Sunday, May 20, 2007

Web 2.0: Leveraging Community
by Ron Lichty

Anyone remember when you put a music CD into your computer and what you saw was always, ALWAYS blank: "Track 1, Track 2, Track 3, ..." unless you typed in the names of the tracks yourself?

Today, things are different. When you use iTunes today, there's a brief wait when it tells you it's checking with "Gracenote". And voila, there's the name of the CD, the artist, the tracks.

But there's no more information recorded on today's CDs than there was 15 years ago. There's no information there. None. So where did it come from?

What a couple guys in a garage started doing sometime over a decade ago, about the time the web was emerging, was to keep track of type-ins of the CD names/artists/tracks -- they made it easy to remember other people's type-ins as well. And they saved them in a database along with a "fingerprint" of the CD -- the length of the CD itself, the number of tracks, and the EXACT length of each track. The next time someone anywhere in the world inserted a copy of that CD, its fingerprint was sent to Gracenote, Gracenote sent back the content information to the Gracenote-enabled player, and it would magically display the CD's name/artists/tracks as though they were recorded on the CD's laser-pitted surface.

What started as a couple guys in a garage became Gracenote, the technology behind iTunes and almost every other playing technology not just for CDs but also MP3s as well.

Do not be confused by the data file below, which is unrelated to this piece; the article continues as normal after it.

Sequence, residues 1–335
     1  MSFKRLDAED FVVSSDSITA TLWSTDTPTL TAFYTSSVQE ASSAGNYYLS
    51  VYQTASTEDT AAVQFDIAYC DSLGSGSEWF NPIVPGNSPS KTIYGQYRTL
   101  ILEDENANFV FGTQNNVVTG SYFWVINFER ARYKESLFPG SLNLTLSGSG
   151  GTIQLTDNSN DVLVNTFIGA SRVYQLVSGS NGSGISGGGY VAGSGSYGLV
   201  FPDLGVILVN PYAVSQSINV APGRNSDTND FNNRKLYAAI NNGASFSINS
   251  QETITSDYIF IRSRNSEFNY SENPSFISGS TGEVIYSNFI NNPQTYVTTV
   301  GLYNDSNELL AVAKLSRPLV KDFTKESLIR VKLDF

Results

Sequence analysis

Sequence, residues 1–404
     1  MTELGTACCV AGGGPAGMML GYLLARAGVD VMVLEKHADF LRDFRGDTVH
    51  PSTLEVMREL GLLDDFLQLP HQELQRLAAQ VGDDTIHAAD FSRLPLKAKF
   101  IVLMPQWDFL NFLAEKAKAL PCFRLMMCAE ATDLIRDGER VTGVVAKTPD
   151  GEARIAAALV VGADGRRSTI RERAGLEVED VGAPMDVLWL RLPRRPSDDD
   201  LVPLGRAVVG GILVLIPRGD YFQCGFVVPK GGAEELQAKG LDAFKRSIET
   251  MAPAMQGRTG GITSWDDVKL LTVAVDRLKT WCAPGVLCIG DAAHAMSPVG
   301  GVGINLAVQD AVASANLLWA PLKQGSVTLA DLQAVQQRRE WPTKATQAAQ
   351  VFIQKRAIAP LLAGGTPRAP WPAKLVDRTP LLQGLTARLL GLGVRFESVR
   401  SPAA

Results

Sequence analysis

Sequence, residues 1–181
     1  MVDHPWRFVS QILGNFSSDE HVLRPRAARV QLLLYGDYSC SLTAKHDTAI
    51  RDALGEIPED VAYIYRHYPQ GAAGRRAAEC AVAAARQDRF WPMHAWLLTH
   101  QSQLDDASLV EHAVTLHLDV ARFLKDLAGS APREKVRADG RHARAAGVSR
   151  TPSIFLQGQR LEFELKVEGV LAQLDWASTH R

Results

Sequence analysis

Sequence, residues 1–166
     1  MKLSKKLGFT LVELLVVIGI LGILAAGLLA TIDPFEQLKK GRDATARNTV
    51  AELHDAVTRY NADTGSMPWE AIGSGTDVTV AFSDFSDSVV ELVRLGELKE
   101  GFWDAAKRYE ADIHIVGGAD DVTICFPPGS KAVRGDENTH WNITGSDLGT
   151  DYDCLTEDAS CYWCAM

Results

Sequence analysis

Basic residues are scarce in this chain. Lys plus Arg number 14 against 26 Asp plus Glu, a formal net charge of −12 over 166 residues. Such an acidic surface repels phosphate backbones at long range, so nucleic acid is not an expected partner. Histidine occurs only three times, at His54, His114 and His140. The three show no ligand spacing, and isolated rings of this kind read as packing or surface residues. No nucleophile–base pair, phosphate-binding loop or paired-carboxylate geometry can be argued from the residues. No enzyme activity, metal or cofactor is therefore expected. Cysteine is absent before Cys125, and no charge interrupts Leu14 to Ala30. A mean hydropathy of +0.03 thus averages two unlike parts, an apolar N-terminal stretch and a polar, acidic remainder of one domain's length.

Newsweek just posted a little story online (may be in the print magazine next week, but not sure they're always the same) called "To Catch a Sneak", in which Gracenote Chief Technical Officer Ty Roberts explains how Gracenote helped expose a fraud in the music industry -- the classical pianist Joyce Hatto, who was briefly called "the greatest pianist that no one had never heard of" until Gracenote technology played a role in exposing that CDs issued as hers by her producer husband had in fact been performed by others.

The fraud and the expose story are fascinating. And the article helps explain what Gracenote does in just a little more detail, if you’re interested.

"Web 2.0" in part references the power that letting readers and users of a site contribute to the site's content can bring. Gracenote is an example of one of the earliest of user-content-generated content, and of that power. Much as Wikipedia is a user-generated encyclopedia, Gracenote was and is user-generated music identification technology that shares the contributions of the first with all the rest of us to make our lives easier.


At 1:51 PM, June 06, 2007, Blogger Sarah said...

Hi Ron, any interest in attending PUSH this weekend (June 10 -12) as a blogger? I see that you covered TED last year and PUSH also speaks to innovation and how power shifts are affecting the future. We have a discount rate of $300 for folks who come to participate and also document the conference online. Last minute, yes, but exciting too. Check out for more info.

Let me know how I can help you get involved.

Sarah Jones

At 4:54 AM, September 09, 2008, Anonymous Anonymous said...

that was a nice post

i luv the info

At 11:40 PM, November 16, 2008, Blogger jobs said...

Very good information and very use full


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